We had initially planned to go away this weekend. The kids had three days off of school, so it seemed like a perfect opportunity to go to the beach, or to go hiking in an old growth mountain jungle. Diwalli after all, had no meaning for us as foreigners. It was just an extra long weekend. We are glad that plans fell through.
Diwalli is not a one day affair. It extends over several days. It helps that depending on where you are from, you either use a solar or lunar calendar to decide which day is the big day and whether you do all your partying before dawn or after dusk. So our neighbor waking up the whole street with a cracker bomb at 6AM; well, that was because he is from Tamil Nadu and they did the big thing on Monday before dawn if they were traditional and after dusk if less so. The rest of the neighbors are from Hyderabad and Mumbai, so the big day was yesterday.
Naturally, if someone has the principal day, then it is an excuse for everyone to party in the street and blow up the world, one cracker bomb at a time.
Both Monday and Tuesday, all of the neighbors drew chalk designs on the streets, sidewalks, driveways and doorsteps. Then they “painted” those designs with brightly colored powder. Photographs of vendors selling this powder is one of the cliché photographs of India; where arrays of metal plates, each piled high with a different color powder abound. Well, those vendors exist because there is a market for them.
After our kids sponged off of the neighbors’ fireworks on Monday evening, I rode with a couple of neighbors to one of the ubiquitous fireworks vendors. If our kids will be blowing up Bangalore, we can at least help foot the bill and let their kids sponge off our fireworks in return. They have a huge, red “Standard” banner; Standard being the brand name. The banner actually looks like something from a circus. There is an enormous cluster of these kiosks along the highway in Hosour. We had driven past it on Sunday and my thought at the time had been, “Is there a circus in town”?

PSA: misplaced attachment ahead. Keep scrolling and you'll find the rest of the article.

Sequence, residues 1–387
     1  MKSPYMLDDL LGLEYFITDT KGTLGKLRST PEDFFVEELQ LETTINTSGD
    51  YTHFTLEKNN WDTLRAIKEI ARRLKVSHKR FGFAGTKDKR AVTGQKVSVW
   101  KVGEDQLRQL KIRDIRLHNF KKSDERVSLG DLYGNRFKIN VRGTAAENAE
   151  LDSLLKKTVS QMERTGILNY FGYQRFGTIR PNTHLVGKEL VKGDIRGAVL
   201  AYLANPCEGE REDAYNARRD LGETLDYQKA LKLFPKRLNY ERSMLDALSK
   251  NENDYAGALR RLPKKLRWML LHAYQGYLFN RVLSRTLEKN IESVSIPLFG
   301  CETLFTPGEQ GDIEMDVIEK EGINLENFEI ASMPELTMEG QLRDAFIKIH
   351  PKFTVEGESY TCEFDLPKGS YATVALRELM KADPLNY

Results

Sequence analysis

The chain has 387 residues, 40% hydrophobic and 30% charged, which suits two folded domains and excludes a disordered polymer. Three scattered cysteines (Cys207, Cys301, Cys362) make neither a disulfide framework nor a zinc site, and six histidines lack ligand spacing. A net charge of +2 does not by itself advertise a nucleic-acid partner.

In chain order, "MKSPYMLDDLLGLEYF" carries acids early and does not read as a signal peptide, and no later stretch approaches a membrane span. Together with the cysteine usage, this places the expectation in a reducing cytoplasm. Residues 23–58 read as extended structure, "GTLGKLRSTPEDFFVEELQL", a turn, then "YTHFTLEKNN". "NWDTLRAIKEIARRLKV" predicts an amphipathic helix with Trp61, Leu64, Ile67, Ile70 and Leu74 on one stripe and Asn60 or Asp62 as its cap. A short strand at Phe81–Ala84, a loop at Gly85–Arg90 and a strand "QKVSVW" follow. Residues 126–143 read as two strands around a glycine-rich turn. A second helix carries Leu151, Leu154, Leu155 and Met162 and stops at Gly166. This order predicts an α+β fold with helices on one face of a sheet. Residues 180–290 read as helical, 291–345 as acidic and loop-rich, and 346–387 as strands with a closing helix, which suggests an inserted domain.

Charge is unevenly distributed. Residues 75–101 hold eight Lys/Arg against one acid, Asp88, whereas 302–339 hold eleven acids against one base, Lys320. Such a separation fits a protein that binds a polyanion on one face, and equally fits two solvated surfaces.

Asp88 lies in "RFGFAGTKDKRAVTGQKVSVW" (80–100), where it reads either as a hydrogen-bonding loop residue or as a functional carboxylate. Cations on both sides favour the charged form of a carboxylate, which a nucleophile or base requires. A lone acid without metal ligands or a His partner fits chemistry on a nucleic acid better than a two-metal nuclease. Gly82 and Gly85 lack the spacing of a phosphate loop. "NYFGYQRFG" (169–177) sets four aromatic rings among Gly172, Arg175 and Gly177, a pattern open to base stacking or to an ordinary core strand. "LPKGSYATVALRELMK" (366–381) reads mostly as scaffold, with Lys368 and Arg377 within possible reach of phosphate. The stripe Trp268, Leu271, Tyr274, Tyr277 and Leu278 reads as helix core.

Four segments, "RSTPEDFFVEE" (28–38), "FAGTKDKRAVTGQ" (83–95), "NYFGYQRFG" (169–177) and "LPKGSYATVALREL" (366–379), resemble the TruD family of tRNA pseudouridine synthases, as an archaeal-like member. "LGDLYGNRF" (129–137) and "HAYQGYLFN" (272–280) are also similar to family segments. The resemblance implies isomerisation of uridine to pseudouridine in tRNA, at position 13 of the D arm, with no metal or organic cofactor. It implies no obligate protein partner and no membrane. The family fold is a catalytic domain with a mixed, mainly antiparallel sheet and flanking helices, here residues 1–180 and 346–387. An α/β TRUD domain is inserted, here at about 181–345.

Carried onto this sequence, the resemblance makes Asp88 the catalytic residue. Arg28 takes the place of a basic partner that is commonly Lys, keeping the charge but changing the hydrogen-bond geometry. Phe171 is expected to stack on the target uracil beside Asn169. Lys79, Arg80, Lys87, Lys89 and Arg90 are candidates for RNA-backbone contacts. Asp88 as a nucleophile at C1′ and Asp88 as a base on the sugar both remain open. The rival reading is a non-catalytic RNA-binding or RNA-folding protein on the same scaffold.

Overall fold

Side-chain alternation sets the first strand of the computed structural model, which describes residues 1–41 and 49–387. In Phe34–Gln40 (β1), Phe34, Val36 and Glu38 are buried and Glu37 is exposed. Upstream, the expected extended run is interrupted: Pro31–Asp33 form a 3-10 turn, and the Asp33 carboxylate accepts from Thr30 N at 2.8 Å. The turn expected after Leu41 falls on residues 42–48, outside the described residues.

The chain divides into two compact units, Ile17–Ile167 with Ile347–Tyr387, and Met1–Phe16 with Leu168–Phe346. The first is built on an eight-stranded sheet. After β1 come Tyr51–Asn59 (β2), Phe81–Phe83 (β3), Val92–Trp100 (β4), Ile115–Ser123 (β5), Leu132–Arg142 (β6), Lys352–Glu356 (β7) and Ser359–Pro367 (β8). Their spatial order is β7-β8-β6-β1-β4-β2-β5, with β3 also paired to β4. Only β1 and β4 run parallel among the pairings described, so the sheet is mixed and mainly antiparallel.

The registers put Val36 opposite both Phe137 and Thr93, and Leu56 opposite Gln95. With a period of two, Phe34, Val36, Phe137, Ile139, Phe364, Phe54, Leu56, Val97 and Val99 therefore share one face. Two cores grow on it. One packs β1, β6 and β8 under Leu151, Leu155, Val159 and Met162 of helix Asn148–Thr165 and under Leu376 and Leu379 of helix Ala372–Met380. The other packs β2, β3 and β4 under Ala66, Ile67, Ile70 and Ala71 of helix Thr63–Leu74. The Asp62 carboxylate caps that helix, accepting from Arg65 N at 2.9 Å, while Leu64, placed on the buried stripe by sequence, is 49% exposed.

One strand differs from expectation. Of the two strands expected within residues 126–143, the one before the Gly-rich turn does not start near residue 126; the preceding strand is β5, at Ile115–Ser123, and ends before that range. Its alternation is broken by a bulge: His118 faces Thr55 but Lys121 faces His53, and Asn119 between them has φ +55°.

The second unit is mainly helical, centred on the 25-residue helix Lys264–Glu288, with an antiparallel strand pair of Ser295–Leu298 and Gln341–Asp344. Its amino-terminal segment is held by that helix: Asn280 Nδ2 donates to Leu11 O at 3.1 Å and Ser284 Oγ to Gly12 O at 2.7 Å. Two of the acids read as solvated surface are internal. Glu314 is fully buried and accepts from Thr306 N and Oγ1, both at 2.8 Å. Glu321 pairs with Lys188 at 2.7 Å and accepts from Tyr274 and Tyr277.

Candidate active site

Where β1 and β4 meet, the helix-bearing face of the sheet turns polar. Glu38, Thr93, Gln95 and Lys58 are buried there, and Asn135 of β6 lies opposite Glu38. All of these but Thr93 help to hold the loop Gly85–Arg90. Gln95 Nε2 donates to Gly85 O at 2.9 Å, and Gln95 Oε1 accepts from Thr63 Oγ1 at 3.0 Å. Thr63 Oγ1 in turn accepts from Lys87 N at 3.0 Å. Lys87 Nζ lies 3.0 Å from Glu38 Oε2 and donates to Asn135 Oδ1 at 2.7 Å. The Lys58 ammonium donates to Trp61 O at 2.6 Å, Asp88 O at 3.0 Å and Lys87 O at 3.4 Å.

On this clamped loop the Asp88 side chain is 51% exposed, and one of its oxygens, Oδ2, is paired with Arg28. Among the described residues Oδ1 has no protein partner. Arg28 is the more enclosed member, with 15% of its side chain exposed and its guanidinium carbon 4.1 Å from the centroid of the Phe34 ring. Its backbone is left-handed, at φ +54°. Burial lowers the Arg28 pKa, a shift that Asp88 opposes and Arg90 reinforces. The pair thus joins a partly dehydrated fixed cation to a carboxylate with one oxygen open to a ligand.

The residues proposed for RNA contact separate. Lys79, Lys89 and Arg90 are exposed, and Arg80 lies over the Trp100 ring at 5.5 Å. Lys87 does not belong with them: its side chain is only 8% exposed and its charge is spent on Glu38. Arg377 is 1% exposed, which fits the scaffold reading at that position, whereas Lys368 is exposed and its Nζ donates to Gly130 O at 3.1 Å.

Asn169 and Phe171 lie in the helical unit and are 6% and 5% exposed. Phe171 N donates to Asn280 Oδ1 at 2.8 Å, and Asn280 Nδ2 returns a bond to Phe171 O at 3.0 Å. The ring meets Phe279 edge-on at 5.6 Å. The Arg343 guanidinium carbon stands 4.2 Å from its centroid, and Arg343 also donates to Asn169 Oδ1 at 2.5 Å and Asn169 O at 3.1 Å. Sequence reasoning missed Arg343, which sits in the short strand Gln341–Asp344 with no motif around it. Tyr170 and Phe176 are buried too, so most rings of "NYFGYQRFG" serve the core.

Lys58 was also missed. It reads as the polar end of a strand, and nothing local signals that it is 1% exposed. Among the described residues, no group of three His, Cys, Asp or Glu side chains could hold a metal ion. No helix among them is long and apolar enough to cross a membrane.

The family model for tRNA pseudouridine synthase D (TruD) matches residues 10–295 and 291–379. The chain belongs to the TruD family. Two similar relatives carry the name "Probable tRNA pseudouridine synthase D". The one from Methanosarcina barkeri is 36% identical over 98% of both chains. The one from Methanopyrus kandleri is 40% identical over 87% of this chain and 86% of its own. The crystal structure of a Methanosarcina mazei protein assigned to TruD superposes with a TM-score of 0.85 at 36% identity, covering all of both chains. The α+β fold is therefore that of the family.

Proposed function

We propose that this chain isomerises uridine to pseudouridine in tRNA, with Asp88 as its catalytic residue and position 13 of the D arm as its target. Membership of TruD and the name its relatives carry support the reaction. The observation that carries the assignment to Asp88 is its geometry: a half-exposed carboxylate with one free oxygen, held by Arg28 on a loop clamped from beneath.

In a way, yes.
Darkness fell and we forced an overly exited five year old boy to wait until after dinner before we started setting them off. By an hour after sunset, all the neighbors were out on the street with the adults supervising the kids lighting small firecrackers and lighting off the ones that were too dangerous for kids. Then one of the neighbors produced a package of enormous, dual fuse, bottle rockets. We put the first in an empty wine bottle and lit the fuses. It soared up into the sky and exploded, releasing a flaming ball of phosphorous suspended by a parachute.
Then we put another in. The engine turned out to be a dud. It went up ten meters and kind of flopped into a palm tree. The explosive was not a dud and we had a brightly colored explosion in the palm tree; which left behind a flaming ball of phosphorous.
The tree sort of started smoldering.
Luckily, it was not one of the drier ones on the street, which might have gone up like a torch. I grabbed a garden hose and spent the next five minutes spraying the tree, trying to put it out.
To all of this, a neighbor could only say:
See! He’s American! Dave! You’re supposed to point that thing at Pakistan!